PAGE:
HIV-1 disseminates to a broad range of tissue compartments during acute HIV-1 infection (AHI). The central nervous system (CNS) can serve as an early and persistent site of viral replication, which poses a potential challenge for HIV-1 remission strategies that target the HIV reservoir. CNS compartmentalization is a key feature of HIV-1 neuropathogenesis. Thus far, the timing of how early CNS compartmentalization develops after infection is unknown. We examined whether HIV-1 transmitted/founder (T/F) viruses differ between CNS and blood during AHI using single-genome sequencing of envelope gene and further examined subregions in pol and env using next-generation sequencing in paired plasma and cerebrospinal fluid (CSF) from 18 individuals. Different proportions of mostly minor variants were found in six of the eight multiple T/F-infected individuals, indicating enrichment of some variants in CSF that may lead to significant compartmentalization in the later stages of infection. This study provides evidence for the first time that HIV-1 compartmentalization in the CNS can occur within days of HIV-1 exposure in multiple T/F infections. Further understanding of factors that determine enrichment of T/F variants in the CNS, as well as potential long-term implications of these findings for persistence of HIV-1 reservoirs and neurological impairment in HIV, is needed.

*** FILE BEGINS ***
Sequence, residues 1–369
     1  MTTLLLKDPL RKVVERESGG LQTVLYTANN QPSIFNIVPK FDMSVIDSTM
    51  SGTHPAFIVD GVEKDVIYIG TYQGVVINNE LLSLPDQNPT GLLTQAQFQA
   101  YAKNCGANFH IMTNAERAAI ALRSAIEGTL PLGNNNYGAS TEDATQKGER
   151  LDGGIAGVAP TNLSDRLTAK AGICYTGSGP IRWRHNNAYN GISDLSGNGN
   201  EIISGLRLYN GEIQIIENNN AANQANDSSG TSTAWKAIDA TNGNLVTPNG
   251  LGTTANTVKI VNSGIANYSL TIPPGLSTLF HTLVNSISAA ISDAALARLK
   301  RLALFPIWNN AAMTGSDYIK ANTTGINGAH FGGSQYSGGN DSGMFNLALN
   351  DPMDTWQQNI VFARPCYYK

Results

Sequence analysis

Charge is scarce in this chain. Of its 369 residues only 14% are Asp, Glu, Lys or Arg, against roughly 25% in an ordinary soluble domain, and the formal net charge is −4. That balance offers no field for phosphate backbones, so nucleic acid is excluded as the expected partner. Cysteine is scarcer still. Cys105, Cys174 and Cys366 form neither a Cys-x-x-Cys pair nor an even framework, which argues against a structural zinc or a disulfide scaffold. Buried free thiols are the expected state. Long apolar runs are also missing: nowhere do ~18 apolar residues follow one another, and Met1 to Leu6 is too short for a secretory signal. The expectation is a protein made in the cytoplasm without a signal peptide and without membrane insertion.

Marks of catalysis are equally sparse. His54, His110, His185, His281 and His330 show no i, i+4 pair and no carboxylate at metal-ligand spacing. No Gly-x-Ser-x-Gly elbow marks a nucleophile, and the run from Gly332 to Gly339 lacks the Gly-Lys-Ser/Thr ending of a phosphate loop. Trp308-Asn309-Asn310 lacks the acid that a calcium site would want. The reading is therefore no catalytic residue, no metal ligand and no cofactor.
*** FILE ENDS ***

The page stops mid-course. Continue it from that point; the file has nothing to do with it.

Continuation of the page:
- Acute HIV-1 infection (AHI)
- Central nervous system (CNS)
- Cerebrospinal ﬂuid (CSF)
- Multiple infections
- Next-generation sequencing (NGS)
- Single-genome ampliﬁcation (SGA)
- Transmitted/founder (T/F) virus